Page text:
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Liv-ex: Haut Brion on the rise

by admin / 2018-09-17 07:35 Click: New figures released by Liv-ex show Haut Brion, the perennial “also-ran” among First Growths, pulling away from its rivals.

  Liv-ex: Haut Brion on the rise

“Haut Brion has never sold at a premium, at least not in the last generation or two,” said Liv-ex director Justin Gibbs. Yet over the last five years it has enjoyed “the best average score and lowest average price.”

Since the end of June it has outperformed Mouton Rothschild – the only other first growth to have increased, and is nearly nine points above the worst performer – Château Lafite Rothschild (see above).  Liv-ex: Haut Brion on the rise

“The Lafite unwind is probably near its end, but it’s not quite there yet,” continued Gibbs, on the Château’s spectacular rise and fall.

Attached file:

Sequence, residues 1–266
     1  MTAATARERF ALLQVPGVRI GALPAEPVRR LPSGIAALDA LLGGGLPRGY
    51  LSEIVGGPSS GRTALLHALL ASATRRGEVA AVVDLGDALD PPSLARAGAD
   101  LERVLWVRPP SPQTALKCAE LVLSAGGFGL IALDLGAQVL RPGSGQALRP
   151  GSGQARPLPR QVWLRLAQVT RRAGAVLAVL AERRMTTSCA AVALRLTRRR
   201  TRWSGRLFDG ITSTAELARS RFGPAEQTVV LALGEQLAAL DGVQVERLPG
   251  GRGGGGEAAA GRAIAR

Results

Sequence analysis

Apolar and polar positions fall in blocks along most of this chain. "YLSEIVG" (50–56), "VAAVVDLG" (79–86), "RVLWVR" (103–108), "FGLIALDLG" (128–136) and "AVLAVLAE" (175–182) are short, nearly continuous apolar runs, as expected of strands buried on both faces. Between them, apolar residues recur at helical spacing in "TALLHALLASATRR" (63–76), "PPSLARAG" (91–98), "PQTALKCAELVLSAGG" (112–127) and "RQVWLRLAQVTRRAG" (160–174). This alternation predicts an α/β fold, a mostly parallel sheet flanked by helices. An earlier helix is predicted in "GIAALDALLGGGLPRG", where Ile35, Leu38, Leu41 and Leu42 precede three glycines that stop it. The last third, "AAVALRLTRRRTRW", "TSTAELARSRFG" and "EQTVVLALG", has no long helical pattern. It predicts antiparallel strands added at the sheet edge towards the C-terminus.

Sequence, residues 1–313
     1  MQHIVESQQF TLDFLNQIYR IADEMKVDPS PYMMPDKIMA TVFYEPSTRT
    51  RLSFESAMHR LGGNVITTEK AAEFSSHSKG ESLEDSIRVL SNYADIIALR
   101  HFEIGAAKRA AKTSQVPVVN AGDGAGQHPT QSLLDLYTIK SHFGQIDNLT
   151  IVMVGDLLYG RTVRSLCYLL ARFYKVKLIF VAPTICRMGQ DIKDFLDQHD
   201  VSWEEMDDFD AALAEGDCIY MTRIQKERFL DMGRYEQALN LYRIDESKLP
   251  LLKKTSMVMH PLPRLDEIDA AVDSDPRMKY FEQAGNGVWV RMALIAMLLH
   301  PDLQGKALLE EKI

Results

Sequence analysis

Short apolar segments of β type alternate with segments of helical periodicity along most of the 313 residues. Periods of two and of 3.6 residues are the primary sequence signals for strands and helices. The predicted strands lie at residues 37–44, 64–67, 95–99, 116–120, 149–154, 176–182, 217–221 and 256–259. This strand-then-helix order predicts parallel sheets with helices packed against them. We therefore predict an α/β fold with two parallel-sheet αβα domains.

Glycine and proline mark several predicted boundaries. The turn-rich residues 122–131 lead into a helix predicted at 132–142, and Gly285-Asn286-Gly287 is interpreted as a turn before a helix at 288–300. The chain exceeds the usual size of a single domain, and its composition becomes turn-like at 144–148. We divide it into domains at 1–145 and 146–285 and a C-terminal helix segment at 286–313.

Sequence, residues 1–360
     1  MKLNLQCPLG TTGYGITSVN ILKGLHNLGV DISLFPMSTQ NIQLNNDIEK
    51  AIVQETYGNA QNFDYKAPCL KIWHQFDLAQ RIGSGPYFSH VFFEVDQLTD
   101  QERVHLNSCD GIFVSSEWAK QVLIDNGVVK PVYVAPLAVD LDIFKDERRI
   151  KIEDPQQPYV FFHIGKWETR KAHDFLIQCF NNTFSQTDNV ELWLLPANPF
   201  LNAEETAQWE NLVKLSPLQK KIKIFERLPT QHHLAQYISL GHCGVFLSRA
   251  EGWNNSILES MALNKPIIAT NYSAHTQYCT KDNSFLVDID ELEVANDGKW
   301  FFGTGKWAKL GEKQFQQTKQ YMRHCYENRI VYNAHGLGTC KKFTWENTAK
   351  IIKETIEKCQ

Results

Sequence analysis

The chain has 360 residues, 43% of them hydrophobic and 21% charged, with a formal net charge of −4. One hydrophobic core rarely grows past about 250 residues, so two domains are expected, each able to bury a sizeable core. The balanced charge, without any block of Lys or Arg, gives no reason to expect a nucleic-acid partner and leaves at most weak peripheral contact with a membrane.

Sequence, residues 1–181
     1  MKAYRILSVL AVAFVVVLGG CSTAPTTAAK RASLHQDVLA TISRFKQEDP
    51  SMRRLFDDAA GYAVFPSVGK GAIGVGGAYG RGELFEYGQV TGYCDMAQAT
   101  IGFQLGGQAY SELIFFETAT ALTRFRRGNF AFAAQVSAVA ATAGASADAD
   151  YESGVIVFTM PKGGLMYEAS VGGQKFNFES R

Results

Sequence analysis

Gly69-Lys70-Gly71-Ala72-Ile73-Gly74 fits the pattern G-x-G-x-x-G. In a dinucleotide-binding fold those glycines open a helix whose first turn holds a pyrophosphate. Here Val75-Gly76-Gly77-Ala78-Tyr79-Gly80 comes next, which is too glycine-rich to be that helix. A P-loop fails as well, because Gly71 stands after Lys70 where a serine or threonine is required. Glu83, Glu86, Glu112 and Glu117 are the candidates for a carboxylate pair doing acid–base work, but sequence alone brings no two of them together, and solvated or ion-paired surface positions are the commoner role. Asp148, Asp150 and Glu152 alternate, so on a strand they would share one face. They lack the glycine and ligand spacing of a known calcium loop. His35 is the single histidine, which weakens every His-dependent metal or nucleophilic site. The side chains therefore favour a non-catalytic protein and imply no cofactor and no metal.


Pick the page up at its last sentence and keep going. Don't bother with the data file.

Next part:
The boom took Lafite to a 130% premium over the other First Growths by the end of 2010. The subsequent bust has narrowed the gap significantly and, according to Gibbs: “the Liv-ex 50 continues to be under pressure because of that Lafite pull-back.”

The index, which tracks the first growths over the last ten vintages, hit its lowest level since December 2009 on 6 August this year. Since then it has rallied slightly – up 1.1%.

Explaining what happened, Gibbs said: “In our view Lafite were at the top of their game in the early 2000’s, and had no policy of holding back stock to any great degree. This meant merchants had stock to sell and so backed the brand. When you get something breaking away and becoming ‘the darling’ of the market, you get speculators speculating around that.”

When Lafite stoked up Chinese demand by adding ‘a little red cap’ to its 2008 label, “things just went ballistic” said Gibbs. From a release price of £1,590 a case, the wine soared to an eye-watering £14,450 on Liv-ex from where it has crashed to £4,992 – its last trade on the exchange.

Anyone burnt by the fall and denied access to Latour, which withdrew from en primeur in 2012, may be eyeing up Haut Brion which certainly has form if you go back far enough. “In a Berry Bros. list from 1908,” said Gibbs, “it sold for a 20% premium over all the other Firsts. So the point is, they all have their time in the sun.”

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